It’s twenty-seven degrees in my room, but I am freezing. My body is laying flat in bed and my eyes are forcing me to keep them shut, they are not ready for a new day. I fall into some sort of half-ass sleep where I enter dreamland. I dream of all the experiences I’ve had the last couple of days and all my thoughts become vivid imagery. I see the ones I hold dear in Sweden, they have come to Ghana and we are all living here in Accra. I believe this dream is a creature of fear. The fear of loosing my loved ones, a fear that always strikes me when I am leaving for a new adventure. Whenever I leave my comfort zone and head into the unknown the realization of how fragile life is always dawns on me.
I am yanked out of sleep by a massive thunderstorm, it feels as if my bed is shaking and I am comforted by the intensity, the power it holds and the way it makes me feel insignificant, like the mountains tend to do, as if all my thoughts and my being is nothing, compared to the wild, wild nature. Straight after the rumbling, Chloé, a four month old labrador puppy starts screaming. Maybe she is frightened out there in her little box. I feel the urge to go out and pick her up, but that would be nothing but a bad favor with good intentions, she will live here for the rest of her life and has to learn the hard way.
The first day in Ghana I was a little knot of anxiety, as always when I am somewhere new, the first day is a blurr of what I left behind and what is to come. Philippe took us out to a restaurant called Republic and we were thrown into the Ghanaian life in Accra, a big bustling, hustling crazy environment with a strong sensation of life that I seldom see in Sweden. The ball of anxiety was a bit different this time, I had been in a bubble of getting to know someone special back home for several weeks and being thrown out of that exhillirating, frightening delight, was something new for me. The day before leaving I bid on an apartment and signed a sheet that would allow my father to continue bidding when I was on the plane. I played with the thought of actually winning the bidding when we were up in the air and it felt too unreal, at the same time my gut-feeling told me I would. As inklings of the gut have it, I turned on my phone when we arrived at Philippe’s, and there it was, the message from my father saying that ”You have an apartment! Congratulations!”. My thoughts were spinning faster and faster and the surrealism of the situation was no where near graspable. Here I was in Ghana, a completely new country, for me, in Africa, with a wild fiery friend named Camilla, and back home I had just gotten an apartment on my dream-location in Stockholm. Add the weird sensation of still having someone else’s soft lips on my mine, as if I could still feel his smell and touch, my mind kind of exploded into, yeah, what? Overload?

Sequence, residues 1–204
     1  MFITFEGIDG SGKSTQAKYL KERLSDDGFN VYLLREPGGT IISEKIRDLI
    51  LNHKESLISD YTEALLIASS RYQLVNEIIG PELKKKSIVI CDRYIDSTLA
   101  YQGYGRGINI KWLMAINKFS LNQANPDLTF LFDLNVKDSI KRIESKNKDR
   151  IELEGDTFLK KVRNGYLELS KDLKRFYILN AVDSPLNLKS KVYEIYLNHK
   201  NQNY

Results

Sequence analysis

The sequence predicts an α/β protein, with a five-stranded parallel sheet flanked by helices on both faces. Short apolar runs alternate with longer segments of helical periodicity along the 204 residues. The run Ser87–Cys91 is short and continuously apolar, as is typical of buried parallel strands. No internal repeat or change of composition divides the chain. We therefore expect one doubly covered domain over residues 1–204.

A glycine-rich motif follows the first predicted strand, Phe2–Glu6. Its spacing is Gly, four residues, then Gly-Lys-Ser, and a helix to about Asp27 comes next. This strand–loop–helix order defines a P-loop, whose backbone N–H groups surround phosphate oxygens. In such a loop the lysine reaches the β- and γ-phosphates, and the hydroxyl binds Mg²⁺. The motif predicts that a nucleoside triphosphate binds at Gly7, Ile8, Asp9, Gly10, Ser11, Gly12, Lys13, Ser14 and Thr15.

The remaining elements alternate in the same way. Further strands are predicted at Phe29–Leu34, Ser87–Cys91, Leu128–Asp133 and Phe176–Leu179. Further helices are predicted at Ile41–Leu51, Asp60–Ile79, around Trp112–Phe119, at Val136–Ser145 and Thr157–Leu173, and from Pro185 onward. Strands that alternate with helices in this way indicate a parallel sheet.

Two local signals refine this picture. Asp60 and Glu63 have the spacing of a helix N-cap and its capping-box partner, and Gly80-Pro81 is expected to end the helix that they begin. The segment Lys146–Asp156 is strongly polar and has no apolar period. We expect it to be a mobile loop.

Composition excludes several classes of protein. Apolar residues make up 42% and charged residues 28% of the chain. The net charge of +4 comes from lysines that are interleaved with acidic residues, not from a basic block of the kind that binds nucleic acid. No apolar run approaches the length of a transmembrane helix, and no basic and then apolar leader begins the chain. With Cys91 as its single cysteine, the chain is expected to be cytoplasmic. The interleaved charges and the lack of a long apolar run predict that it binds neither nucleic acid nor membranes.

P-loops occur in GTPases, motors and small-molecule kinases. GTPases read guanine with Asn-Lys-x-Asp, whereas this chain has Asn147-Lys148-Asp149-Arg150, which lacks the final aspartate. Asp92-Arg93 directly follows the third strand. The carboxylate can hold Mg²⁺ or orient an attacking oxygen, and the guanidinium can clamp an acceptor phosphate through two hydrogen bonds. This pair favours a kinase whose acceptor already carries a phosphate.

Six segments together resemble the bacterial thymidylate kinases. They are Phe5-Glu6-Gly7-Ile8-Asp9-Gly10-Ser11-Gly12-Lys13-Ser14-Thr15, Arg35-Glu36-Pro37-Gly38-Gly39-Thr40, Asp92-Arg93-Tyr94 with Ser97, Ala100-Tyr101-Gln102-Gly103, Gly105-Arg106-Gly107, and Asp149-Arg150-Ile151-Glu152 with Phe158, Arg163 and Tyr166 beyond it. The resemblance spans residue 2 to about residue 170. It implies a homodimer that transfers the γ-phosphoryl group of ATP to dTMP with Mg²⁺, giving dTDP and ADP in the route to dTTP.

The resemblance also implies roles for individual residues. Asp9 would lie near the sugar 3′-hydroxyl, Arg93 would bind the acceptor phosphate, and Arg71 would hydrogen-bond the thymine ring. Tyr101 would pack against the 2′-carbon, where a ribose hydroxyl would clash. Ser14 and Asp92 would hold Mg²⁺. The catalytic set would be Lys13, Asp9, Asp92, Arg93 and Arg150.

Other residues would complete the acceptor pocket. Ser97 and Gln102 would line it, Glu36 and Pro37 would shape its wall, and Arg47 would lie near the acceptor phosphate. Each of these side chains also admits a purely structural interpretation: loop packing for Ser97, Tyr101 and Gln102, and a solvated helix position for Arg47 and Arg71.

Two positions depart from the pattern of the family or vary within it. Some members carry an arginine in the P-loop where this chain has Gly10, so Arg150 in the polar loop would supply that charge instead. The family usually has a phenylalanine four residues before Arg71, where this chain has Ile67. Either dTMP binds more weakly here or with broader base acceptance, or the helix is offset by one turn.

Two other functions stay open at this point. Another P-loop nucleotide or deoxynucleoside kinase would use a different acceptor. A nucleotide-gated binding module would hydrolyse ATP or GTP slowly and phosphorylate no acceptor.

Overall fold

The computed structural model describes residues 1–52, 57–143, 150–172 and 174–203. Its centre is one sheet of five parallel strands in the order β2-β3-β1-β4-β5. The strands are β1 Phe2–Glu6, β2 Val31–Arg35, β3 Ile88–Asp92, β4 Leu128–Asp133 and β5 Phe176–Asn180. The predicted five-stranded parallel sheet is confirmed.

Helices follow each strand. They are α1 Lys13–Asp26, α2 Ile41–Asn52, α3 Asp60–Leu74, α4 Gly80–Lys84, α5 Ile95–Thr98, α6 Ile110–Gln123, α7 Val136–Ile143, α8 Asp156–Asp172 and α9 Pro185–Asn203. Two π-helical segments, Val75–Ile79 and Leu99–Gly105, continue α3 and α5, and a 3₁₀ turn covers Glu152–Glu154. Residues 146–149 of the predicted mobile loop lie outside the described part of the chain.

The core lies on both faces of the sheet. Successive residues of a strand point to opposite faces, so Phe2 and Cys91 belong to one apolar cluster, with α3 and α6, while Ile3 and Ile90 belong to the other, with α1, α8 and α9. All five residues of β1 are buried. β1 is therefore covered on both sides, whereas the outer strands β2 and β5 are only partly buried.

These past couple of days we have been by the pool, been at a skybar at Villaggio, been to a nightclub where someone stole my cool Jack Daniel’s T-shirt that I bought in the bar (it was black and gold), and yesteerday we hung out at a beautiful hotel and we saw the ocean! A polluted ocean but still, how good did that wind from the sea feel on my face?